If a data breach is a sprint — where a fraudster grabs as much data as he or she can, as quickly as possible, in an effort to maximize ill-gotten gains — the fight against fraud is a marathon.
A marathon that never ends.
Fraud varies country to country, region to region. Just as payment methods are varied, so too are the ways that people pay, and whether, given a certain locale, they prefer paper (cash) over plastic (via mag stripe or chip card), or mobile over interactions with the cashier — these differences color fraud as well.
Europe may offer a tell on the fraud to come. As has been widely noted, the region has paved the way for the adoption of EMV, and its embrace by merchants in the EU, mandated though it has been, has steered hackers and criminals to online methods of siphoning funds from consumers and cheating companies. European countries led the adoption of EMV, with 86 percent of cards and 99 percent of transactions complying with EMV rules. By way of contrast, only 51 percent of cards in the United States are chip cards, and only 20 percent of transactions go by way of EMV mandates.
No mag strips, and so … when it comes to fraud, no swipe, no sweat?
In a recent whitepaper by TSYS, research revealed some rather troubling news: Europe remains a leading indicator of the less-desired sort, a harbinger of fraud battles to come here in the United States. The data shows that overall, gross reported fraud was up to €154 million, up 25 percent from the year before. Of more than half a dozen types of fraud, ranging from stolen cards to counterfeiting, card-not-present (CNP) fraud remained the dominant conduit to fraud losses, at 80 percent of the tally.
And in looking across the pond at the EU, CNP fraud leads the way, with numbers stretching from a low of a “mere” 75 percent to a high of 82 percent, depending on the country, and the average stood at 79 percent.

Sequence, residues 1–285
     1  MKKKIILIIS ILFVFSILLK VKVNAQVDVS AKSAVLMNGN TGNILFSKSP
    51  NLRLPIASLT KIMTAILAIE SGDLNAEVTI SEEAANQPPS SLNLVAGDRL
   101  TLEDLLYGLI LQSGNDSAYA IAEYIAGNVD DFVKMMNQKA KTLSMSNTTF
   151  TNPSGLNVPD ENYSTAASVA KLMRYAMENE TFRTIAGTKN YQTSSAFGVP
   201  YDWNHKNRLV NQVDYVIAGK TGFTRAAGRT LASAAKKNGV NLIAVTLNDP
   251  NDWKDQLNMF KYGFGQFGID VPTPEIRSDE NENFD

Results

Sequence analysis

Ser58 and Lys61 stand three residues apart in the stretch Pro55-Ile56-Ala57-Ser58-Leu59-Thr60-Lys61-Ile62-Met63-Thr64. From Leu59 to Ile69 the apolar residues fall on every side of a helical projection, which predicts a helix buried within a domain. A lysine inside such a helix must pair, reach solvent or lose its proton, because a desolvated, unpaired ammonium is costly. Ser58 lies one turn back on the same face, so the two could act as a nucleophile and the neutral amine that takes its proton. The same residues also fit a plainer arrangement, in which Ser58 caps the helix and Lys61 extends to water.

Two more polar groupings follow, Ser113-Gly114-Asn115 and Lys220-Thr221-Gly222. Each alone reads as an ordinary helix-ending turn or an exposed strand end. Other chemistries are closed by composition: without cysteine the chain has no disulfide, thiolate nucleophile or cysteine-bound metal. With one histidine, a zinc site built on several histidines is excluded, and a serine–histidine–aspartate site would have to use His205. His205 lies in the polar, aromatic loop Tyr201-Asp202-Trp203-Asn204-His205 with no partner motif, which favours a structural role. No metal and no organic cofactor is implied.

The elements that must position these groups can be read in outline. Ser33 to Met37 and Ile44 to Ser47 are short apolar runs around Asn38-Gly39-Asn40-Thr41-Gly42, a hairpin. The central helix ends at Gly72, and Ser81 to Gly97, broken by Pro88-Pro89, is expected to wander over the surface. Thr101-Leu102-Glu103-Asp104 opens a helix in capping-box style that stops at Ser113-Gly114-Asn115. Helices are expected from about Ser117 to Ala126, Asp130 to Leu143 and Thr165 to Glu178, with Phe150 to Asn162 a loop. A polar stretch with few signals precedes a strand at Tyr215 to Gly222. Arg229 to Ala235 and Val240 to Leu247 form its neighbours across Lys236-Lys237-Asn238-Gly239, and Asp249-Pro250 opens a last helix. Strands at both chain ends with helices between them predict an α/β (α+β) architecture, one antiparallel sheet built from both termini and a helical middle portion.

Amid the things to note about fraud as it is done in European nations:
- Credit where it is (not) due: TSYS noted that one recent development that bears watching centers on the fact that application fraud as a percentage of overall fraudulent activity doubled between 2015 and 2016. This may be the toughest fraud to do battle against, as once someone gains access to credit, transactions are not recoverable. The numbers are rather small as measured by percent of transactions, but the impact can be outsized. In the United Kingdom, application fraud is 6 percent of the total; in other countries, such as Italy and Switzerland, the tallies stand at 1 percent or less.
- Looking toward the New World: TSYS found that the United States is “the leading recipient” of fraudulent transactions from countries as diverse as Germany and the Netherlands, with as much as 22 percent of fraudulent payments headed to the States. That may make sense, said TSYS, when one considers that many larger retailers and merchants make their home in North America. For other nations, conversely, including Italy and the United Kingdom, 27 percent and 20 percent of “bad” transactions are done domestically.
- Fraud likes to go on vacation: OK, it doesn’t really, and as we noted above, online fraud, and the battle against it, are constants, seen 24/7/365. The fact remains, though, that among the top merchant types that are targeted by fraudsters, travel agencies and tour operators dominate, as do hotels and resorts. The method of choice for “getting away with it” can be traced to eCommerce primary account numbers (or PAN) entry, which TSYS found accounted for more than half of transactions.
- PSD2 no panacea: Card issuers and financial firms are girding for 2018, when third-party providers (Google and others) will be among the choices consumers can use for bill payment and the like through APIs. There are technological requirements to be satisfied, to be sure, but as always, regulation tends to make things more complex and for issuers and others, TSYS warns that the bad guys now have a new “entry point for fraud.”